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Leeds City Council is to pilot a new telephone device that will enable flexible working while reducing the cost of phone calls

Leeds employees involved in the pilot, due to begin on 18 September 2006, will be given dual mobile phones that incorporate regular GSM and WiFi connectivity.

Calls made from these phones will connect via WiFi access points and be routed over existing fixed line infrastructure. Outside of the office the device will work like a regular mobile phone.

The solution, part of BT's Corporate Fusion Service, is expected to reduce the council's telephone bill.

Rakesh Mahajan, director of mobility for BT Global Services, told GC News: "Projected savings are dependent on the behaviour of the user. Users who travel a lot may find more benefits than those who just use a desk phone."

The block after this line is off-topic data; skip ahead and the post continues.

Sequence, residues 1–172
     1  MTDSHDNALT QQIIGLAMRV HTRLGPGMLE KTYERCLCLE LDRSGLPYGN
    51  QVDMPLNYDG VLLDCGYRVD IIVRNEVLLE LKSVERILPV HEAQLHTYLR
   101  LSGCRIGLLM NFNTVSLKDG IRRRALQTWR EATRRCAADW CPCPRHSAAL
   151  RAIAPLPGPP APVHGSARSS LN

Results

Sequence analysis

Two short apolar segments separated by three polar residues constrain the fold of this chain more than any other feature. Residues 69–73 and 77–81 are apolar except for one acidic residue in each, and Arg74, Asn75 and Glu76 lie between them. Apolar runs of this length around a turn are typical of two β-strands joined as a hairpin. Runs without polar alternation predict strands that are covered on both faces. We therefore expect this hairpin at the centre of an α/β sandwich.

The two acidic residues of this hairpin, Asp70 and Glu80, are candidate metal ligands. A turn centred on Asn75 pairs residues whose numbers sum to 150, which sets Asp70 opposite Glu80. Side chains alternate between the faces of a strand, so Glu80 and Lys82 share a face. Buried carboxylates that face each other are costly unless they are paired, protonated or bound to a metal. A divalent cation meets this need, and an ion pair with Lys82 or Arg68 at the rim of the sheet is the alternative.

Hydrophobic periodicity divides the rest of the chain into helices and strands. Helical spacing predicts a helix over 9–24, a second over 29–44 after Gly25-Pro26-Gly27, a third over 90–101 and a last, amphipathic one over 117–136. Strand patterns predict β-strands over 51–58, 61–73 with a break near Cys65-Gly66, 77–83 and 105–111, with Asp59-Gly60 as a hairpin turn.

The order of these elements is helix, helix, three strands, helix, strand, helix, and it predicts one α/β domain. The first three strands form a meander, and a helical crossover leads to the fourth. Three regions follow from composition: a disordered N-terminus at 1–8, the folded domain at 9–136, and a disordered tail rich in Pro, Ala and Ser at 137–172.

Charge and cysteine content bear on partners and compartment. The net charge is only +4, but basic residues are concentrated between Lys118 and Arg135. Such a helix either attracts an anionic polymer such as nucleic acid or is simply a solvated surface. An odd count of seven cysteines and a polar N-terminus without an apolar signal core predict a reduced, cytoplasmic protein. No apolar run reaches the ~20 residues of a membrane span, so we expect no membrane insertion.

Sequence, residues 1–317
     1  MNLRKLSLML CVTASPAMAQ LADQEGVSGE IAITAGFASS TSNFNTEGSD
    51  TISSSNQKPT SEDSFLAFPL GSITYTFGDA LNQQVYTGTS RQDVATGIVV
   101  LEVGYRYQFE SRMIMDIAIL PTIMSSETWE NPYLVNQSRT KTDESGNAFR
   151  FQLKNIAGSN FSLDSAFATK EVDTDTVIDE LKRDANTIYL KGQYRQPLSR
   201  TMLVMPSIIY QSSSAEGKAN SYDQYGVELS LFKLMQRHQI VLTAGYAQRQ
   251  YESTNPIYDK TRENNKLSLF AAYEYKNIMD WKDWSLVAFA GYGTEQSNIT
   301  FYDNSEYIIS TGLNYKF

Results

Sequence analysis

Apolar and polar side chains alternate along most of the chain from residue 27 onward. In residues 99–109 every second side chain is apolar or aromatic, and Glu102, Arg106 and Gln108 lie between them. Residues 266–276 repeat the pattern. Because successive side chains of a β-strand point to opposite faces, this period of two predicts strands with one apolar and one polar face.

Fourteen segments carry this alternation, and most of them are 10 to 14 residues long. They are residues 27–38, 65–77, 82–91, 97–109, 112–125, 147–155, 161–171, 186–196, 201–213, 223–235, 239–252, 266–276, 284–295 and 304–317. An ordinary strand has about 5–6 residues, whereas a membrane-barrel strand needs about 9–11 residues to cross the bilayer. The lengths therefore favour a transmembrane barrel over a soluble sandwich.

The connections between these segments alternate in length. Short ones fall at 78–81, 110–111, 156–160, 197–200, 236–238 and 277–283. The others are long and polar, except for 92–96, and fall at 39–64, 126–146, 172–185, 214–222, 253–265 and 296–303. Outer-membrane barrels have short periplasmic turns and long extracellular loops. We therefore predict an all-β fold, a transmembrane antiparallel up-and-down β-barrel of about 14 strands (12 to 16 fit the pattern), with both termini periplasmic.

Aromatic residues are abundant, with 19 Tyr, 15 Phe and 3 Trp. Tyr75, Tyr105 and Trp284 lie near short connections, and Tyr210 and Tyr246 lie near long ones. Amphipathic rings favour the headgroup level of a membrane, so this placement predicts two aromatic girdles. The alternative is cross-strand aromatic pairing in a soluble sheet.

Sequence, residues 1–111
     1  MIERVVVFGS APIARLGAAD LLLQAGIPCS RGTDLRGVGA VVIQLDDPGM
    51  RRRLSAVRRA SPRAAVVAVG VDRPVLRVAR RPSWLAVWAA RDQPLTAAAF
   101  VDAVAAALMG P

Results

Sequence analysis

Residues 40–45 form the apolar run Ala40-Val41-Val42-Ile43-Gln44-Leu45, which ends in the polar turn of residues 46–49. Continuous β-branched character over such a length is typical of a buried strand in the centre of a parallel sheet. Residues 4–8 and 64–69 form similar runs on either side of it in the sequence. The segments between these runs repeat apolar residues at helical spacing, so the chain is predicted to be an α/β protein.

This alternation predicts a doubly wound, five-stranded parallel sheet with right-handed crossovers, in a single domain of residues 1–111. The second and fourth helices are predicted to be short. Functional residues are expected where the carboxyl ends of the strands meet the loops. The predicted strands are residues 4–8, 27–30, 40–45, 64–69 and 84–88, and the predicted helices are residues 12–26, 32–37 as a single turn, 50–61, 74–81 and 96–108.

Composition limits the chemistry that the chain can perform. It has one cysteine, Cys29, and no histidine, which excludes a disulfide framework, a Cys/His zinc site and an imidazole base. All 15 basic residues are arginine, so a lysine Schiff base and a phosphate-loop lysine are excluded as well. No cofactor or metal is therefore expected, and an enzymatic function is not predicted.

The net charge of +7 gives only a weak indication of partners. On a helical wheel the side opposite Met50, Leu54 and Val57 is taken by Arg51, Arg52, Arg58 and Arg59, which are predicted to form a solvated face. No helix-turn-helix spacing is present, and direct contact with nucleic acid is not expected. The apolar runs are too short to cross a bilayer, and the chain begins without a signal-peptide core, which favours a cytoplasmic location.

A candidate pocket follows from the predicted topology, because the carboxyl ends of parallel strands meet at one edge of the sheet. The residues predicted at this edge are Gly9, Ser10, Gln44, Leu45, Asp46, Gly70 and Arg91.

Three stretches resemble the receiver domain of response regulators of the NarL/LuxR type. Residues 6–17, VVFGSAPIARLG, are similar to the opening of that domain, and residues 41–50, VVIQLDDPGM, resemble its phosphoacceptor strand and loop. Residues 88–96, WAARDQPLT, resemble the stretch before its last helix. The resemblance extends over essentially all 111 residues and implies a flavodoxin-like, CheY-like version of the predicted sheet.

Council employees can also have access to their council's full telephone directories and a forwarding or recording call facility via their phones. This means, if the customer requires them to transfer the call to a colleague, they do not have to put the mobile down and ring back from a landline.

Leeds head of ICT operations Adrian Fegan said on 14 September 2006: "(This system) is an important part of our future overall voice strategy. It allows us to operate more efficiently by reducing our telecoms spend.

"Also it gives us the opportunity to be more responsive: our employees can be more mobile and contactable and as a result they can serve the city."

The pilot will run until the end of October.

This article was originally published at Kablenet.

Kablenet's GC weekly is a free email newsletter covering the latest news and analysis of public sector technology. To register click here.

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